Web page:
Over the past five years Citron has written about numerous Chinese companies that were being less than forthright in their disclosures in the U.S. markets. But we now turn the tables - exposing a U.S. domiciled company that is being far less than honest about its operations in China - defying Chinese government regulation while exploiting an ambitious population eager for a formula to climb the economic ladder.
Introducing Nu Skin (NUS)
In the United States, multi-level marketing (MLM) has become part of our economic fabric. It is not our proudest achievement, but nonetheless it has become a part of our society - one that sells dreams along with an array of overpriced products that most people can live without just fine. The U. S. has established a patchwork of little understood regulations that provide some protection for the public from the most abusive forms of pyramid schemes, mostly under the jurisdiction of the U.S. Federal Trade Commission. (See “Lotions and Potions” at the FTC website here. The SEC also has both concerns and regulatory oversight in this problematic area here.)
By contrast, China prohibits multi-level marketing strictly and in entirety. Pyramid schemes create victims by creating an endless chain of recruits who recruit new recruits into a wealth transfer scheme which cannot possibly be sustained. Therefore the vast majority of the participants lose their money. Often pyramid schemes are cloaked in the sale of an overpriced product, with new recruits being required to “invest in inventory” to gain or maintain certain levels of membership which most will be unable to achieve. These abusive business models are understandably outlawed under Chinese law.
China does have a law which defines and permits only “direct selling." Much like many Chinese companies which ignored the regulatory laws of the United States, it is the opinion of Citron Research that Nu Skin is allegedly violating the laws of the PRC, and its entire Chinese business operation could be in jeopardy of seizure and other substantial risks.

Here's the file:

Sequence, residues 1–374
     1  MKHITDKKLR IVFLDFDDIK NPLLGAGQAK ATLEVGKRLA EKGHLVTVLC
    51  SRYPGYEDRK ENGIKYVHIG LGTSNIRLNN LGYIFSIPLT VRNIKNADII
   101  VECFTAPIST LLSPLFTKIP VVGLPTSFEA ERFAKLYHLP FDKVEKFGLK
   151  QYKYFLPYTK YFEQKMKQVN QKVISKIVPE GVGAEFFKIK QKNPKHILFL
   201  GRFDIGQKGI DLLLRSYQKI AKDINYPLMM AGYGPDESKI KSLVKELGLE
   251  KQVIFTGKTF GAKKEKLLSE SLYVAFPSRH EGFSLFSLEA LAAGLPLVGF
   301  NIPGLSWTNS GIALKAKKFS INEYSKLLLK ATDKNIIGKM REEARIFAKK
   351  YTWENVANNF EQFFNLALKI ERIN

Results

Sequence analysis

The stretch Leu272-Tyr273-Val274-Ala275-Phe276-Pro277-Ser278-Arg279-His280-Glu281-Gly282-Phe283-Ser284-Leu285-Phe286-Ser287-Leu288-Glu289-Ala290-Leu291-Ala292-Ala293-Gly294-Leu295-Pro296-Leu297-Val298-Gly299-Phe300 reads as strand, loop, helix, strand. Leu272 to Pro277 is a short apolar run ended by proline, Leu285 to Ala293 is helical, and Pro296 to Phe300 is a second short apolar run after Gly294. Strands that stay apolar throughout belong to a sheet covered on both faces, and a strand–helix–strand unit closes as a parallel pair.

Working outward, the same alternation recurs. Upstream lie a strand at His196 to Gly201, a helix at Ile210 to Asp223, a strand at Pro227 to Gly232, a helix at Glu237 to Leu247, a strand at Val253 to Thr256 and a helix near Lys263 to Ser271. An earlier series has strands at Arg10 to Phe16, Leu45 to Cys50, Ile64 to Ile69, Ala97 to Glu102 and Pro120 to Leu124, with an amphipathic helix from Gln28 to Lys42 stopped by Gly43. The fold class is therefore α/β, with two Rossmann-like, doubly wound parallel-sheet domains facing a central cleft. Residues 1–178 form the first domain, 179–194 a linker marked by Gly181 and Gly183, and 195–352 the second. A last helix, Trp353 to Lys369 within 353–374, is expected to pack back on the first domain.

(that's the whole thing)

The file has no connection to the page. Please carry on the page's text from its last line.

Before we introduce the evidence pointing conclusively to widespread violation of Chinese law, this discussion begins with the importance of the China market to Nu Skin. The company was beset by challenges from various U. S. regulators in the early 1990s, when several states were investigating the company for everything from misleading sales practices to operating a pyramid scheme. Nu Skin realized that its future riches were not on these shores, but rather overseas, and particularly in China.
- Greater China comprised almost 75% of Nu Skin's year-over-year revenue growth in Q2.
- Greater China represented less than 10% of the company’s revenue just three years ago, and is now 33.6%.
- The average distributor in greater China purchased roughly $1,200 worth of product in Q2, almost triple that of the U.S. and double the average levels of prior periods in China.
- The future of the company, and in particular, the growth story that underpins the value of its stock, is dependent on China. As CEO Truman Hunt just stated "Emerging markets, particularly China and South Asia, will continue to drive healthy overall growth rates ..."
- Sales in North and South America contributed just 12% of revenue in the last quarter, with Europe just 7.7%.
So the Chinese operation is contributing very materially to the company’s overall financial results, particularly in shoring up its flagging growth in other regions. (Details provided below.)
With the U.S. consumer becoming increasingly resistant to the core business of Nu Skin, they just moved their entire dog and pony show to China. But is it legal?
Here is what Nu Skin says it does. In its most recent 10-Q, Nu Skin describes its business operations as: